Recently, one of our mentors held a public tribute for her aging father. She gathered family members and friends for a living eulogy. It made me think of how I’m going to honor my parents in the days ahead. Honor holds several dimensions, but one of them is certainly blessing.

What would it take for you to bless your parents? How will you choose to honor them? If you haven’t done it yet, a great place to start is a forgiveness process where you learn to neither minimize childhood pain nor judge your parents for their shortcomings. And if there’s the slightest chance for restoration, it’s worth the risk.

This is my tribute to my mother,

“You decided early on to protect us from the brokenness in our family legacy. We were going to thrive in ways you were never able to. You made sure of it. You were our first line of defense, and the coach who constantly called out our best. You never stopped fighting for us. We never knew a day when we felt what you felt most days as a child, ‘I have to fend for myself.’ We were always able to risk because we knew you and dad built a home that would always catch us.

The more clearly I see the past, the more grateful I am for you. You have been refined in the fire like gold and we are the beneficiaries. A Liberian peace activist once defined Ubuntu as the recognition that “I am who I am because of who we are.” You’ve changed our family legacy into a story of redemptive grace where God’s love is made visible. And for who you are, not just what you’ve done, we honor you!”

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Blog, Featured Posts, Healing Presence, Healthy Relationships, Marriage

Why Your Husband is “Checked Out”

March 28, 2015

couple jumping to the sea at sunrise

He’s disillusioned.

He’d never say it exactly, but his heart is broken. Life-giving dreams that once energized him aren’t materializing like he expected they would.

  • Michael sees his peers succeed and he struggles with bitterness and envy. “Why not me? I’m nowhere near where I thought I’d be at this point in life. Things could have been so different if…”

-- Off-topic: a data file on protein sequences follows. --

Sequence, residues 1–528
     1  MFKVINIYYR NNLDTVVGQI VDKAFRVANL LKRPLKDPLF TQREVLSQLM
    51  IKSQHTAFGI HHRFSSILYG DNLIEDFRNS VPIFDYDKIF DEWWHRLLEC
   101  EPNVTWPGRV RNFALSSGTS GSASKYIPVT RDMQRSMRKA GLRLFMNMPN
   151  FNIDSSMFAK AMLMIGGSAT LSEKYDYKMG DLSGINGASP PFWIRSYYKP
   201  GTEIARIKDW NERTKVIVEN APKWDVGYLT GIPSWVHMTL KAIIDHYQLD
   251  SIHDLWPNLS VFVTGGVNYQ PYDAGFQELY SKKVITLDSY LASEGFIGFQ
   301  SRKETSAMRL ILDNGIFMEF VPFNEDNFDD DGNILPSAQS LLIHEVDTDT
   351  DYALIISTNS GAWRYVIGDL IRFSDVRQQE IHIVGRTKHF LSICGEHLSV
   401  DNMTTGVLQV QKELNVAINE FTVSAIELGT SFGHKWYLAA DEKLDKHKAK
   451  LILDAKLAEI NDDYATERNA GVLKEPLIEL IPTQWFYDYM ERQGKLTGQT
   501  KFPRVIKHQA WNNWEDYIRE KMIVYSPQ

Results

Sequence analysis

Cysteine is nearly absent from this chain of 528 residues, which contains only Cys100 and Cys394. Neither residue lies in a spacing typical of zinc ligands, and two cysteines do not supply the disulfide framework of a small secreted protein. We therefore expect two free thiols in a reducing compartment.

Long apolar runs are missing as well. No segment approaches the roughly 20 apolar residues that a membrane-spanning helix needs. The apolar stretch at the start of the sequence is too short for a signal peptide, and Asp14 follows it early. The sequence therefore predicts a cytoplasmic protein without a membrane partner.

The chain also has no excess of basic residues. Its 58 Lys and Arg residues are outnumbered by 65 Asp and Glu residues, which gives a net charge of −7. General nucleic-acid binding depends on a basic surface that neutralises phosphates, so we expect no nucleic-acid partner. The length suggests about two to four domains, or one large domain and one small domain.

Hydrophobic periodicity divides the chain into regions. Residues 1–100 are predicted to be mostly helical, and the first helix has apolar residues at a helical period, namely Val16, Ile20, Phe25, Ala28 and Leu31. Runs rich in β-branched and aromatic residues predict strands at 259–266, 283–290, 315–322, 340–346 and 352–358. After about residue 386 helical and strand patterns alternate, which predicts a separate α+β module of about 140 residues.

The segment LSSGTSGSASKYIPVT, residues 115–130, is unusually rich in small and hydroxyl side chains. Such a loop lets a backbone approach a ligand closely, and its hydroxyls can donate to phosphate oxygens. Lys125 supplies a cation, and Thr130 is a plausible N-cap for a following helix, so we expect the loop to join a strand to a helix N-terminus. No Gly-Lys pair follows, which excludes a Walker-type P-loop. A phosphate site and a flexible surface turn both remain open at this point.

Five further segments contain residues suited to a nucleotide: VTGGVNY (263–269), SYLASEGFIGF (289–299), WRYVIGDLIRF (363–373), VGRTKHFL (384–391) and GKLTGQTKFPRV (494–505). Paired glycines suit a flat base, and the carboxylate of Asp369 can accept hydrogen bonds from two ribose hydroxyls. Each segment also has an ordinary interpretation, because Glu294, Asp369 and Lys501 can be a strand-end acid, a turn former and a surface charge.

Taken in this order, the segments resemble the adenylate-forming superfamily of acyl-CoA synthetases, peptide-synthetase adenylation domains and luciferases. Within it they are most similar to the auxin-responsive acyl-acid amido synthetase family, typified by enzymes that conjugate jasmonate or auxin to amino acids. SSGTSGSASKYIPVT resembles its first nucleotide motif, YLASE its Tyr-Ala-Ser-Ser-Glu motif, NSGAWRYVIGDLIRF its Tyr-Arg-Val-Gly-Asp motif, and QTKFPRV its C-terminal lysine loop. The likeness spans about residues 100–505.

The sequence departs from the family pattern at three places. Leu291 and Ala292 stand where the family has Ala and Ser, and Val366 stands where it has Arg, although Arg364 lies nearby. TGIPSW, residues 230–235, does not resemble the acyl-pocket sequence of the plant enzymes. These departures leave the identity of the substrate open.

• Phillip is forced to let go of his “impractical” dreams and take a job that pays the bills. He harbors a growing resentment, “Is any part of my life even mine? All I do is meet needs for other people.”
  • Jonathan emotionally disengages from his marriage because his wife seems to reject him with her preoccupation with the kids, “Our marriage has become nothing more than a convenient partnership.”

Peel back the layers and you’ll find a sick heart.

Proverbs 13:12 says, “Hope deferred makes the heart sick.” When life-giving hopes die, the question becomes, “What now? What takes their place?” Often, his answer is either a passive resignation or an active rebellion. Far too often, a man grows passive in the face of life’s stresses and hurts until there’s a breaking point and he starts to sabotage himself and those around him, almost as a matter of protest, “Fine then! Watch this!”

In a thousand creative ways, his will becomes detached from his being. He starts to give his time, energy, and attention to something other than his true identity and calling. And no amount of sex, drugs, toys, or achievements can mask the inevitable despair that will result.

Let’s rewind for a moment. Before that happens, you have a great opportunity.

Watching from the outside, you may hear his dreams and think, “It’s just his immaturity. Those dreams need to die. He needs to suck it up and do his job.” Some of that may be true, but it may also be that buried deep in his heart is a man waiting for permission to come alive and he needs your help peeling back some fears and insecurities.

Here’s where you can help him.

From Checked-Out to Checked-In

Champion his dreams!

Your belief in him means the world. In ways you’ll probably never know, your belief or lack thereof, is either a rocket booster or a prison chain. When he becomes passive or expresses hopes or fears in a moment of vulnerability, don’t miss your moment. Counter his self-doubt with faith. Encourage him to risk. It’s an adrenaline shot of confidence that will awaken him in every area of life.